Previous studies have shown that the Taq1B CETP polymorphism is associated with increased enzyme activity, TG-enriched LDL and HDL particles and low HDLc levels [9], [22]. Besides, high CETP activity has been demonstrated in obese and diabetic subjects [23], [24]. Previous studies have also shown an association between this polymorphism and the metabolic syndrome [25], independently of the well-known effect on HDLc concentrations and insulin resistance [26], a fact that suggests a possible role of CETP on glucose metabolism. However, to our knowledge, this is the first study to show an association between this polymorphism in CETP and the risk of T2D. The frequency of the B1B1 genotype increases with worsening glucose tolerance (figure 2) and its presence is associated with the risk of diabetes even after adjusting for other confounding factors such as age, BMI, waist and TG. In addition, we found lower HDLc levels in B1B1 genotype carriers, as well as higher insulin, HOMA and post-OGTT glucose in non-diabetic B1B1 carriers, further supporting its role in the development of T2D. Previously, we proposed that the contribution of the Taq1B CETP polymorphism on insulin resistance could be mediated by an increased flux of FFAs from HDL particles to the liver. Since homozygotes for the B1 allele have an increased CETP activity, they should have an increased TG content in their HDL particles, which in turn would become a good substrate for HL. Thus, individuals with the B1B1 genotype would have an increased flux of free fatty acids to the liver from HDL that would decrease the hepatic sensitivity to insulin [26].

The –G250A LIPC polymorphism (rs2070895)

HL catalyzes the hydrolysis of TG and phospholipids in TG-enriched HDL and LDL particles, giving rise to smaller, denser particles[27]. In fact, HL activity shows an inverse correlation with HDLc concentration. Two (SNPs) have been described in the promoter region of the gene (-514 C<T, rs1800588 and -250G>A, rs2070895) [28], which are in almost complete linkage disequilibrium. The minor allele in the -250A/G polymorphism is associated with low HL activity [29], an increased HDLc concentration[11] and more buoyant LDL particles. In fact, the effect abdominal obesity has on HL activity is cushioned by this allele [30]. Its frequency in our population was similar to that found by others [13], [17], [31]. However, unlike other authors [17], [32], we did not find an influence of the LIPC genotype on HDLc concentrations, nor on the risk of T2D, but it was associated with higher glucose concentrations. The latter followed the same direction as the results from the Finnish Diabetes Prevention Study [13], which showed that the GG genotype doubles the risk of progression to T2D. On the other hand, a large Danish cross-sectional study, which included 3082 cases and 4882 controls, was negative in this aspect [33].

Taq 1B CETP and –G250A LIPC polymorphisms

The epistatic effect of CETP and LIPC on HDLc concentrations [34], [35] and atherosclerosis[35] has been previously reported. The authors observed a marked increase in HDLc levels in carriers of both minor frequency genotypes [35]. However, to our knowledge, this is the first time the effect of genetic interaction between CETP and LIPC is assessed on the risk of T2D. Since the minor allele at -250G/A LIPC is associated with a decrease in HL activity and a reduction of TG catabolism from HDL and LDL and the TG content in HDL and LDL is, to a certain extent, the result of an increased CETP activity associated to the B1B1 genotype, we propose that the presence of the A allele of -250G/A LIPC reduced the risk of T2D among B1B1 Taq1B CETP genotype carriers, although the LIPC polymorphism was by itself not associated with T2D.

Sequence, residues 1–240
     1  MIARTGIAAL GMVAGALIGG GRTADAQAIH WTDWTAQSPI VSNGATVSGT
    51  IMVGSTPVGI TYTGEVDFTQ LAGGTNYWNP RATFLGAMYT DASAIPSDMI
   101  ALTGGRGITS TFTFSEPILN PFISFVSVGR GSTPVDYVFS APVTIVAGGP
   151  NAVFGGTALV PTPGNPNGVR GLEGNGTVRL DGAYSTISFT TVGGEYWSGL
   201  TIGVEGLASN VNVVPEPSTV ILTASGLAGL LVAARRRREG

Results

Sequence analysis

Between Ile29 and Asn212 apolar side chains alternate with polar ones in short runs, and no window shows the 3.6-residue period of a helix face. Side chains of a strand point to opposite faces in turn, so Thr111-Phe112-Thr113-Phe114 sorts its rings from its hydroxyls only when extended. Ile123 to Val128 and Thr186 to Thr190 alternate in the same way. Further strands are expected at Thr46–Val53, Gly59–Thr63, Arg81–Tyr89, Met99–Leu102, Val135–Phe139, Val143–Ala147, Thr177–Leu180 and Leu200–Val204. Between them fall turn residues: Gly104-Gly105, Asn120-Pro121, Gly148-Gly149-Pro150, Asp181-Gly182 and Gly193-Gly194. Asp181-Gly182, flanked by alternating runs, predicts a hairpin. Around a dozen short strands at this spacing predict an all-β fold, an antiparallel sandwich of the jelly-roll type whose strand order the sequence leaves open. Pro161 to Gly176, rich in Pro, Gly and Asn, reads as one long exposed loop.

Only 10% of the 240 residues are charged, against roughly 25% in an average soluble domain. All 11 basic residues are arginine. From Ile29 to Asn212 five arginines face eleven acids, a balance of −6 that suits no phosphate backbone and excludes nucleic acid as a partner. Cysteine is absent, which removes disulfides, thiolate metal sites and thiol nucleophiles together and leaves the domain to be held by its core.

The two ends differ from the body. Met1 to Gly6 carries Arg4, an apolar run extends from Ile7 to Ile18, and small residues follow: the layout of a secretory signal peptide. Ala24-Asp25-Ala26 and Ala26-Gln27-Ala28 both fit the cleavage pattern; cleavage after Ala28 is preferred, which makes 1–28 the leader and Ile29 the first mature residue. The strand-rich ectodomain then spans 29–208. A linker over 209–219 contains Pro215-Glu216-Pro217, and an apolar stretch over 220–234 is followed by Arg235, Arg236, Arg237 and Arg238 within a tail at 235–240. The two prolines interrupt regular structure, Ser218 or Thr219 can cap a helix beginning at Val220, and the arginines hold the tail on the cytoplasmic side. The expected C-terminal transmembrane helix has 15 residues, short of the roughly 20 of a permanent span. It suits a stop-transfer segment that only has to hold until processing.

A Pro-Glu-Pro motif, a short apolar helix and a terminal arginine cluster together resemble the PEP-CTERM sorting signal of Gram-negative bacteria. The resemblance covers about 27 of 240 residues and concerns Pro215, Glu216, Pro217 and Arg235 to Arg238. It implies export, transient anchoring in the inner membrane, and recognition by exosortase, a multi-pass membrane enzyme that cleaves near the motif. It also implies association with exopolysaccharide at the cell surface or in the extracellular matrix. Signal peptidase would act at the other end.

One of the strengths of this study is its population-based design including well-characterized subjects diagnosed using an OGTT [23], [24]. In addition, to our knowledge, this is the first time the effects of CETP and LIPC are assessed in relation to the risk of T2D. We are also aware of some limitations of the study. Its cross-sectional nature does not allow us to infer causality. Furthermore, our failure to identify an effect of the LIPC polymorphism on diabetes risk might be due to sample size, as is suggested by its association with glycemia and its significant interaction with CETP. However, the effects we did find are likely to be true positive, biologically plausible effects, with stringent corrections for multiple analyses. We suggest that while the risk of T2D associated to the B1B1 CETP genotype is a consequence of hypertriglyceridaemia by the increase of the flux of FFAs from HDL and LDL particles to the liver, a decrease activity of HL associated to -250 A LIPC allele reduces that flux of FFAs, and the risk of T2D amongst B1B1 carriers.

In summary, the Taq1B CETP polymorphism was significantly associated with HDLc levels and the presence of T2D and, although we did not find the same association between the -250A/G LIPC polymorphism and HDLc levels or T2D, the presence of the A allele appears to exert a protective effect in B1B1 genotype carriers in our population. Nevertheless, larger studies performed in different populations are needed to confirm our findings.

Acknowledgments

The authors express their gratitude for excellent technical assistance to Angelines Jiménez, the Research Unit from Hospital Dr Negrín (Gran Canaria) and Instituto Canario de Investigación del Cáncer (ICIC, Spain).

Author Contributions

Conceived and designed the experiments: LLR FJN RC MBC AMW. Performed the experiments: LLR MBC FV. Analyzed the data: LLR RC MBC AMW. Contributed reagents/materials/analysis tools: FJN RC FV. Wrote the paper: LLR RC AMW.